Megaphone diplomacy

From January 1 2010, under s 139 of the Evidence Act 2008 a caution against self-incriminination will need to be given to every suspect who an investigating offical believes has committed an offence. If not given, any subsequent admissions may be excluded under s 138 as having been improperly obtained.

That’s a change from the current position, where an investigating official must typically possess a power of arrest for the suspected offence before a warning against self-incrimination is required.

The practical effect of this will be to encourage the police to caution against self-incrimination when investigating summary offences.

Most of the time it will be quite clear when such a belief was present. In other cases it will not be obvious if investigators believed an offence had been committed. Suspicion — a less certain state of mind than belief — is insufficient to require a caution: R v Pearce [2001] NSWCCA 447.

Under s 138(1),

(1) Evidence that was obtained—

(a) improperly or in contravention of an Australian law; or

(b) in consequence of an impropriety or of a contravention of an Australian law—

is not to be admitted unless the desirability of admitting the evidence outweighs the undesirability of admitting evidence that has been obtained in the way in which the evidence was obtained.

There then follows a number of considerations for a court deciding this question. Those factors are similar to those in the High Court’s decision in Bunning v Cross.

As I discussed here recently, the consequences of unlawful or improper conduct by police are often not dire for the prosecution. They often don’t even result in the exclusion of the evidence that the impropriety facilitated.

Though frequently invoked, there’s now a substantial number of NSW cases where appellate courts have upheld discretion exercised to allow improperly or unlawfully obtained evidence to be admitted. (Though it’s important to recognise that not being excluded by s 138 doesn’t mean that evidence can’t be excluded under another of the discretions.)

R v Naa [2009] NSWSC 851 is an example. There, NSW police members were tensely negotiating with a man, trying to persuade him to disarm so medical treatment could be provided to his injured (it later became apparent, deceased) partner. The statements made by the accused were inculpatory, and he declined to repeat them when later questioned in a formal interview.

On trial for murder, the accused challenged the admissibility of these inculpatory statements, made without benefit of caution. After discussing the relevant NSW provisions about recording admissions (analagous to custody provisions in our Crimes Act), Howie J turned to non-compliance with 139 of the Evidence Act 1995 (NSW):

[101] I do not believe that the conversation between officer McCarthy and the accused amounted to “questioning” for the purpose of s 139. The questions asked by McCarthy were completely incidental to what she was trying to achieve: to convince the accused to put down the weapons for the safety of himself and others. She was not seeking information from him. She was seeking to distract him, to mollify him and ultimately to persuade him to disarm. No bystander watching the incident would have considered that the officer was questioning the accused. The section was never intended to apply to a siege situation where the police were involved in negotiation rather than investigation.

[102] In any event, even if I were wrong in that view, it does not follow that the absence of a caution means that the evidence should be rejected. Section 138 applies and I am required to undertake a balancing exercise to determine whether “the desirability of admitting the evidence outweighs the undesirability of admitting evidence that has been obtained in the way in which the evidence was obtained”. In determining that balance I am required to consider relevant matters including those mentioned in s 138(3).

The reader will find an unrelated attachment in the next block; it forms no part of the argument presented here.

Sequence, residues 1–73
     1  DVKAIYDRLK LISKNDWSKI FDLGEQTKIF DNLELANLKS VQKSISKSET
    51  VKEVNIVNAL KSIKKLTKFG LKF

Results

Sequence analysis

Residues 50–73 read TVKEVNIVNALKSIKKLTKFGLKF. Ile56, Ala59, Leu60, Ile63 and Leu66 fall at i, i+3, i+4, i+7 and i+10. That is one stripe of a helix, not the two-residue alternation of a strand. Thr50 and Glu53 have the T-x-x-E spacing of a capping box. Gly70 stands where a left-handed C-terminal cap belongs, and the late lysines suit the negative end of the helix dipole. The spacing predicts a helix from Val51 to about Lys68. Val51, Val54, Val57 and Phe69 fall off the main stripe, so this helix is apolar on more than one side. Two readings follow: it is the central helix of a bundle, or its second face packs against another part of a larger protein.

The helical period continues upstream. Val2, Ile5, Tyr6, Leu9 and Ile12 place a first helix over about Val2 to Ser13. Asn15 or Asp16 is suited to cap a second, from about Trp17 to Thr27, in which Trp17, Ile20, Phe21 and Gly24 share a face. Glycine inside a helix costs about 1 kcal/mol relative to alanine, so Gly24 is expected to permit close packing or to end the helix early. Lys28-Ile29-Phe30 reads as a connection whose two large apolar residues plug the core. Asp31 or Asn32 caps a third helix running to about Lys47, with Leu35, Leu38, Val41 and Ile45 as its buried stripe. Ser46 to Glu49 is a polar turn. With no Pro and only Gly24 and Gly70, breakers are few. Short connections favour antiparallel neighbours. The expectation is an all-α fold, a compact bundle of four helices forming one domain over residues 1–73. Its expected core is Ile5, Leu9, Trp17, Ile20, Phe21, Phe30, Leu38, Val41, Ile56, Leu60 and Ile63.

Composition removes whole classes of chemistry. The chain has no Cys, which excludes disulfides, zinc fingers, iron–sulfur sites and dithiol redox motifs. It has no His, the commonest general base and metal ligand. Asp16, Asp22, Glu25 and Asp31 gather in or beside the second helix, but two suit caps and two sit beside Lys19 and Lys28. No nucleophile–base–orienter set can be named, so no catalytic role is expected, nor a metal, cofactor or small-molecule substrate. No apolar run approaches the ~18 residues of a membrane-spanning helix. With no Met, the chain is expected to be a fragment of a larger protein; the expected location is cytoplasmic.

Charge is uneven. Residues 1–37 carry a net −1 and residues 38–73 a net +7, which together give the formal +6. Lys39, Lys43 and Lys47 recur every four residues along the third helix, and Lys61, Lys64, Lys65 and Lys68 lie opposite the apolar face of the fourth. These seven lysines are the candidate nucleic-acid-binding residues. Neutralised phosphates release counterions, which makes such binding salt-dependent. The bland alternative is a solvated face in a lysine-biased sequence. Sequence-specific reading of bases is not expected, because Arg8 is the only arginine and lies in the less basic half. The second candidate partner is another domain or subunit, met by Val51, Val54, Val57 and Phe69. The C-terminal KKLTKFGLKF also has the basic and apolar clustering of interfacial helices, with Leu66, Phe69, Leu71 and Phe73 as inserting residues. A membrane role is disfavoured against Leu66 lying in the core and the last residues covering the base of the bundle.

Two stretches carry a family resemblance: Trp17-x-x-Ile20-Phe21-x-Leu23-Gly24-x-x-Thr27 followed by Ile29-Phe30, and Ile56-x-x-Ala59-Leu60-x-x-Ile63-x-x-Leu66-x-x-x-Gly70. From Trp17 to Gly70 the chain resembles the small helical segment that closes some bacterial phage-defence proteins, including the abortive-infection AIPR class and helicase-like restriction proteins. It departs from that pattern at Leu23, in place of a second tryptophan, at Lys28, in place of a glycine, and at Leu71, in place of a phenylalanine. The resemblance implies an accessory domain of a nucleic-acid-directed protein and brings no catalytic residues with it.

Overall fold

[103] In the present case the substantial majority of those considerations is very strongly in favour of admitting the evidence. There is no doubt that the admissions made by the accused at the scene are highly probative on the charge of murder and very important in the proceedings. They impact significantly upon the two issues that have been identified: intention and substantial impairment. The offence is clearly of very great gravity.

[104] Such contravention as there was by the police in failing to administer a caution is in my opinion relatively minor having regard to the particular facts of this case. The contravention was not intentional: McCarthy never thought of administering a caution because she did not believe that she was questioning the accused in an attempt to obtain admissions. Inspector Winmill believed that a caution would have been inappropriate because it was important that the accused continue to communicate with the police. The contravention was not inconsistent with the rights of the accused under the International Covenant on Civil and Political Rights: see R v Em [2003] NSWCCA 374 at [87].

[105] There will be no other proceedings taken in respect of the contravention. The difficulty of obtaining the evidence without contravention does not seem to me to be a relevant consideration.

[106] The decision whether to admit evidence, notwithstanding that it was obtained improperly, is based upon public policy considerations being weighed against one another. In my opinion the weight of those considerations falls very substantially upon the desirability of admitting the evidence. I do not believe that any other view is reasonably open.

It’s likely that impropriety of various kinds by investigating officials will be identified through the application of the new Evidence Act. Whether that leads to the exclusion of the evidence thus acquired is a separate question.

Leave a Reply